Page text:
The Mekong Delta’s one-armed, durian growing virtuoso

Thanh Nien News. Original Vietnamese story by Tuoi Tre newspaper

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Thai Van Hai, 65, plays guitar with his left hand only. Photo credit: Tuoi Tre Thai Van Hai, 65, plays guitar with his left hand only. Photo credit: Tuoi Tre


After losing his arm in the Vietnam War, a master guitarist continued to pursue his passion one-handed.
Like most residents of Tien Giang Province's Ngu Hiep communie, Thai Van Hai -- better known as Hai Cut (Hai the cripple) -- earns his living growing durian.
In his leisure time, the 65 year-old plays don ca tai tu – southern Vietnam’s traditional music – on his guitar, a common pastime throughout the Mekong Delta.
What sets Hai apart is that he performs flawlessly, using just one hand.
Hai’s neighbor Nguyen Van Thuong, 42, said a number of people in Ngu Hiep Commune can play the ghi ta phim lom – a Vietnamese electric guitar distinguished by its scooped out fingerboards -- but no one can match Hai for his skills.
Hai's neighbors frequently invite him to play parties and he can often be found entertaining crowds: strumming with his left hand and locking the guitar in place with the remains of his right.
Nguyen Ngoc Minh, a don ca tai tu composer, said Hai’s skills cannot be compared to legends like Van Vi (1929-1985) and Van Gioi, now 69, but he is a “rare” and “special talent."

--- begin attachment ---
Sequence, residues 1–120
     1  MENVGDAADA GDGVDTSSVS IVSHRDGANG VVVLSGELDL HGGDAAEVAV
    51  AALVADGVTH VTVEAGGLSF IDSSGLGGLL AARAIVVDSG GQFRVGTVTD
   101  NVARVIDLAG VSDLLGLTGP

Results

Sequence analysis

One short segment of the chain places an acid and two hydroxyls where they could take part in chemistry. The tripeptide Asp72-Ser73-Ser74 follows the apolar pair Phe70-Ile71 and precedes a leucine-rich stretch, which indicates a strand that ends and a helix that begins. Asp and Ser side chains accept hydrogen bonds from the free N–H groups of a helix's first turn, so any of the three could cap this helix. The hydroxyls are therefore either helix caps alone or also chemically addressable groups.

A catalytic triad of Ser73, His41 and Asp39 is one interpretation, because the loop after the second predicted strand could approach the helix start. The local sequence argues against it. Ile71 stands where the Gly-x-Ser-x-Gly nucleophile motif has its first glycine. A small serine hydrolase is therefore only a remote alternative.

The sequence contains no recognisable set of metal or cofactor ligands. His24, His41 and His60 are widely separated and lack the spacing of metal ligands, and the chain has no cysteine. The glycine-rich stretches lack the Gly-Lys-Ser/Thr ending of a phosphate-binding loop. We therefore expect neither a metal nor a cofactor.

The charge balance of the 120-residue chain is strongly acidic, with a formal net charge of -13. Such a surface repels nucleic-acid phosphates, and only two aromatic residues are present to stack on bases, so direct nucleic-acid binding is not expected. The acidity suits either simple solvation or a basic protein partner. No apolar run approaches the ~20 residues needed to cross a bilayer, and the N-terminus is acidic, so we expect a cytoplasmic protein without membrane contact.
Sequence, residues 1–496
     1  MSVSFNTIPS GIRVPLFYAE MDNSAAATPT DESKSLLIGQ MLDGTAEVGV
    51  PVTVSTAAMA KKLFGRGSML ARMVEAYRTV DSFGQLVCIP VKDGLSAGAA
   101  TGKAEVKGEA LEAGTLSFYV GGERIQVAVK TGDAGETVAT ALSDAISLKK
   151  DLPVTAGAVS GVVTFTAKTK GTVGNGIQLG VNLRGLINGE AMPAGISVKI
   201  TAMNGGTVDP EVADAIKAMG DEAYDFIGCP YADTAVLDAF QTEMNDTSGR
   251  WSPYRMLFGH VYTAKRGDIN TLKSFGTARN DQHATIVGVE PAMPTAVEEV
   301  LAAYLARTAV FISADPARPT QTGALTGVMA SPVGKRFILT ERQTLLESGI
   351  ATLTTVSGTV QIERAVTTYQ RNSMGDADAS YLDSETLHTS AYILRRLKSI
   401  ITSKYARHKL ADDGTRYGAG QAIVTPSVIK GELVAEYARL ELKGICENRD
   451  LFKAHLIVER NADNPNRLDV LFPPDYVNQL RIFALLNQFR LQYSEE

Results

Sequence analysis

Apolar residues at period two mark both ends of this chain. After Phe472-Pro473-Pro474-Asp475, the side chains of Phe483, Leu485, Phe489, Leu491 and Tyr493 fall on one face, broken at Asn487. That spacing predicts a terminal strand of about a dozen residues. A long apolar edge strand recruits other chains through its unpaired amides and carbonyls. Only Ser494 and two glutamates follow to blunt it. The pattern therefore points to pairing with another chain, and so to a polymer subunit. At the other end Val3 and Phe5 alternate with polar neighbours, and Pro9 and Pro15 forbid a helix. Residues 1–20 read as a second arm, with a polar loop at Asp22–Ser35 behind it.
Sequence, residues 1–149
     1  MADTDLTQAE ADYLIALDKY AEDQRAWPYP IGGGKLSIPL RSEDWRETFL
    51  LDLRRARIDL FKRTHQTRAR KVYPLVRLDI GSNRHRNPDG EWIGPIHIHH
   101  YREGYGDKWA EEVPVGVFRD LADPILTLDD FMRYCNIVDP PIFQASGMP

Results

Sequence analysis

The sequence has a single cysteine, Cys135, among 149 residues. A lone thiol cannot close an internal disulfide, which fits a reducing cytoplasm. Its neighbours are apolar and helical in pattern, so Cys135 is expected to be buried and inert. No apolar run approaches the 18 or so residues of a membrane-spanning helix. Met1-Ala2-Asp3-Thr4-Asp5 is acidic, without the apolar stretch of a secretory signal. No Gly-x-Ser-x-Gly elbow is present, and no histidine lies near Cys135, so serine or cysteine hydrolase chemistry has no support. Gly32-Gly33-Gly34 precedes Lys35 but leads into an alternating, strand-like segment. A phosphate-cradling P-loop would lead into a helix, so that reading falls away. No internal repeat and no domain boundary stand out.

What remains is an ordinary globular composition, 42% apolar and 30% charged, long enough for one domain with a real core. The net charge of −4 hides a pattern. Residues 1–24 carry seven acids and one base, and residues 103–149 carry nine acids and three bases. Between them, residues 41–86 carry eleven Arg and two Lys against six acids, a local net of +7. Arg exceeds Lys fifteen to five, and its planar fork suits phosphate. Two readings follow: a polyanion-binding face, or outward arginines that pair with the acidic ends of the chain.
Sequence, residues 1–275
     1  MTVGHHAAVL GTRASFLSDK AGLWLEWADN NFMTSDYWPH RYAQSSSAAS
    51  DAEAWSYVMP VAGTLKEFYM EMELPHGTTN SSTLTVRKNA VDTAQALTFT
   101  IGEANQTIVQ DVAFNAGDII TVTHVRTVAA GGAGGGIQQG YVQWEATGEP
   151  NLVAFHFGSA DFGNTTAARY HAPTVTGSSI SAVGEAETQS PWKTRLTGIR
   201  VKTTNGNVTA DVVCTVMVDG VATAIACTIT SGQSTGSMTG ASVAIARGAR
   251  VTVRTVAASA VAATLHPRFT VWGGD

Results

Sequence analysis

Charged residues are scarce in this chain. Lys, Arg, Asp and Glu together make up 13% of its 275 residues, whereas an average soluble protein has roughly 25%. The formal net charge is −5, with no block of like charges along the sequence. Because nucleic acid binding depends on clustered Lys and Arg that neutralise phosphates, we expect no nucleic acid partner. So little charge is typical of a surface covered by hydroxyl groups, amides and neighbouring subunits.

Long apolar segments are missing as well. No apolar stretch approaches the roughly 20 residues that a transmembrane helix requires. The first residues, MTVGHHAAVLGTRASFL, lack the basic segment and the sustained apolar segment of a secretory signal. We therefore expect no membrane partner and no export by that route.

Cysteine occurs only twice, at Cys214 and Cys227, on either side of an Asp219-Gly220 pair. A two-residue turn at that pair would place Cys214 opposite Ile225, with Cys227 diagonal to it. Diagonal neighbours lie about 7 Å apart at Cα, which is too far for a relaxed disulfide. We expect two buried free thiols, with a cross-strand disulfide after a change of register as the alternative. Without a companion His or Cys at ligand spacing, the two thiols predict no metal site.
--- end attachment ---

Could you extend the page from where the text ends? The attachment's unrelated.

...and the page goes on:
Hai lost his right arm in a battle in 1966 when he was 22. The injury left him ineligible for further military service, so he returned home to Ngu Hiep and settled in to life as a farmer.
He sought relief from his grief at local gatherings where people would play the somber, lovesick ballads common in southern Vietnam. Hai was drawn to the music and began to wish he could play the guitar.
Whenever he tried playing with an idle instrument during set breaks, the musicians scolded him: “Go away! You only have one hand; how in the hell can you play guitar?”
Undaunted, Hai continued to approach local artists, one of whom finally agreed to teach him how the instrument worked.
After mastering the basics, Hai taught himself one song after another. He followed bands and listened to songs on cassette to learn more techniques.
In 1971, Hai asked another local guitarist agreed to give him more complicated lessons.
That same year, Hai said, he met the leader of a folk opera troupe after a security guard tried to chase him away from their show.
After hearing that Hai could play, he played a brief audition and was asked him to perform during breaks in the show.
Hai’s travels with the troupe ended two years later when they stopped in Soc Trang Province’s My Tu District. There, he decided to become a guitar teacher.
“Local people liked my performances, so they asked me to stay to teach them in exchange for meals,” Hai recalled. “I accepted their offer, because I felt bored after two years with the troupe.”
Hai’s guitar skills helped him win the attention of many local girls, including Tran Thi Dac, who later became his wife.
“Many people were handicapped like him, but they couldn't even do housework, let alone play the guitar so skillfully,” Dac, 64, said.
After getting married, Hai took his wife home to Ngu Hiep, where he continued to play both competitively and for leisure.
These days, Hai no longer competes, but has turned to teaching guitar to people with a passion for the instrument. He and his family have formed their own don ca tai tu troupe--an outcome he describes as part of his “fate with the guitar.”

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